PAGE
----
Andy Jones has seen the business of venture capital-backed startups from all angles.
He started at regional investing firms Grotech Ventures and Boulder Ventures, backing entrepreneurs during the dot-com boom years of the late 1990s and early 2000s.
When the economy slowed and it became harder to pool investors' money, he launched his own startup, High Street Partners, which helped companies manage outsourced work.
And after selling that company for more than $100 million, he moved on to gain the perspective of a big public company shopping for acquisitions on behalf of Kingspan Group, a publicly traded outfit in Europe focused on energy-efficient building technologies.
Now he is applying those lessons to build Maryland businesses into the state's next major employers, from his new position at the helm of the Maryland Venture Fund, a state-run venture capital investor.
"I really want to create a culture where the entrepreneur is the hero at the end of the day," said Jones, who joined the fund in November.
The fund has long been a tool of state economic development officials, used to help attract funding from private investors by offering relatively small amounts of money to companies at early stages of growth. While state government created the program, the money it invests comes largely from its returns on past ventures.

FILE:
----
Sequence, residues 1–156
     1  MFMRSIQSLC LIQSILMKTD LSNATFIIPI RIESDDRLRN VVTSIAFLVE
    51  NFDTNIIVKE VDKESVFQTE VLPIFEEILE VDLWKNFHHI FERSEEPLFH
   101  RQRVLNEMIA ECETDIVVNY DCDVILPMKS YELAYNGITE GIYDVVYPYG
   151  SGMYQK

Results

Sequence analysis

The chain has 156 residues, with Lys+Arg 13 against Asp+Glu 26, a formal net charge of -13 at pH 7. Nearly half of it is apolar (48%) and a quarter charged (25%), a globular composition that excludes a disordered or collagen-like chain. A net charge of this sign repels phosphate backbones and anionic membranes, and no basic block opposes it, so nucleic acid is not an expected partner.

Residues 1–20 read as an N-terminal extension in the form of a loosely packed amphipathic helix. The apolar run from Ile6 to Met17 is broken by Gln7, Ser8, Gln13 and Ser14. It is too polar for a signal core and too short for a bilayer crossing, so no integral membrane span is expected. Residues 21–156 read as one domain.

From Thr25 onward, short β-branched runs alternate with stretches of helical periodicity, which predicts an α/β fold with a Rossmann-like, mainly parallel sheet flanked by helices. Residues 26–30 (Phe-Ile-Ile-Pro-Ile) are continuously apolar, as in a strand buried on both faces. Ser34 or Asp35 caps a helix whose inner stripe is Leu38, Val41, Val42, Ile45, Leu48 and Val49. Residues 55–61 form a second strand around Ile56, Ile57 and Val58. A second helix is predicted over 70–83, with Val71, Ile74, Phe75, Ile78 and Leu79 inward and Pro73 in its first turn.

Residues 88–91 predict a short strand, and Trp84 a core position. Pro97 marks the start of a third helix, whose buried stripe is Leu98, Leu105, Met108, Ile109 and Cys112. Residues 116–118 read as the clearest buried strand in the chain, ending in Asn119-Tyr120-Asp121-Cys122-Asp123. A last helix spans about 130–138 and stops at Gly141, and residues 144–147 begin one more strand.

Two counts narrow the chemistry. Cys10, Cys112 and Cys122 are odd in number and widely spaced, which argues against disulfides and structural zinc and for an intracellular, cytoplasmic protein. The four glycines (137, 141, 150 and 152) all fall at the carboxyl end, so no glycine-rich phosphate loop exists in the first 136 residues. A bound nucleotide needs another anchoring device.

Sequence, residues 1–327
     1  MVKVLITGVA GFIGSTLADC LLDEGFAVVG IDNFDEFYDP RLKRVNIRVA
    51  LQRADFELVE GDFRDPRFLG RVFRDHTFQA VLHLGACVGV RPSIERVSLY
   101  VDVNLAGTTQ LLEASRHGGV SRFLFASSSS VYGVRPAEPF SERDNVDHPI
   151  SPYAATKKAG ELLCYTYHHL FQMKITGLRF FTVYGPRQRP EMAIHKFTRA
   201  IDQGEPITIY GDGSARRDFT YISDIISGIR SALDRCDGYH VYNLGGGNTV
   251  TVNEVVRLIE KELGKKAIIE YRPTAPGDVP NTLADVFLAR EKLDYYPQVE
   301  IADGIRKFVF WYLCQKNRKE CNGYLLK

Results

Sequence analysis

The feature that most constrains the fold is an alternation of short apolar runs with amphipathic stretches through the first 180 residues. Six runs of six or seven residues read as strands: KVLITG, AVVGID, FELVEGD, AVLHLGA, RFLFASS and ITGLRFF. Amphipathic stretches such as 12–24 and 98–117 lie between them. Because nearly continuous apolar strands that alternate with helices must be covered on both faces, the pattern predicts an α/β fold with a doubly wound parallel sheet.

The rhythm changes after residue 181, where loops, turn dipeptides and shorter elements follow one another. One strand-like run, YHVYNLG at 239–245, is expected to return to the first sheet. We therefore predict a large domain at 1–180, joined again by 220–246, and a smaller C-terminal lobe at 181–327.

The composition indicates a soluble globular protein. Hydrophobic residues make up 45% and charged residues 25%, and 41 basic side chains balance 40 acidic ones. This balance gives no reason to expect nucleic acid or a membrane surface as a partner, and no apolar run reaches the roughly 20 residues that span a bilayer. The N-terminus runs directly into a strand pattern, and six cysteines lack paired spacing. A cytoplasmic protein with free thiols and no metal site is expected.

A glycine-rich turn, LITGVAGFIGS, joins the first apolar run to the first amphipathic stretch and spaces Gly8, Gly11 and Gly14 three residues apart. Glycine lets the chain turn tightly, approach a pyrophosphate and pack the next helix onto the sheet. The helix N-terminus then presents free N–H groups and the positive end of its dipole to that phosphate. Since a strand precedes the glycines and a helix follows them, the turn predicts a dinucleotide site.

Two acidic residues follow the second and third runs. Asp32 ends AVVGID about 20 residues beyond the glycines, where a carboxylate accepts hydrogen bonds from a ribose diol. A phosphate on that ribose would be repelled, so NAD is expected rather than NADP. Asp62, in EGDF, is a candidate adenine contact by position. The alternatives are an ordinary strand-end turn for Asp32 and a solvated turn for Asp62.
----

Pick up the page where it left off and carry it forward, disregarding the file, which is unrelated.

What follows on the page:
It is now undergoing a transition from the state Department of Commerce (formerly the Department of Business and Economic Development) to the Maryland Technology Development Corp., a quasi-public agency known as TEDCO that also invests in promising young companies.
Jones said he wants to use that arrangement to build what he likened to baseball's minor league system, grooming companies through TEDCO programs to go on to investment from the venture fund and private sources, and eventually, sales or stock offerings.
The fund has about $100 million under management, about 80 percent of it tied up in 84 companies — a large portfolio to manage, Jones said.
He foresees a focus on larger deals of as much as $2.5 million to "build things that are sustainable," he said. "That's how you create real economic development."
And like private investors who demand a lot of say in the companies, the state venture fund will do more to advise and direct its portfolio companies under him, Jones said.
"I do think with this platform we can become the smart early-stage money in the state of Maryland," he said.
Title: Managing director, Maryland Venture Fund
Residence: Phoenix, Baltimore County
Education: Bachelor's and master's degrees in electrical engineering from Cornell University, MBA from the University of Chicago
Hobbies: "Swimming competitively, raising my kids with my lovely wife, Cathy."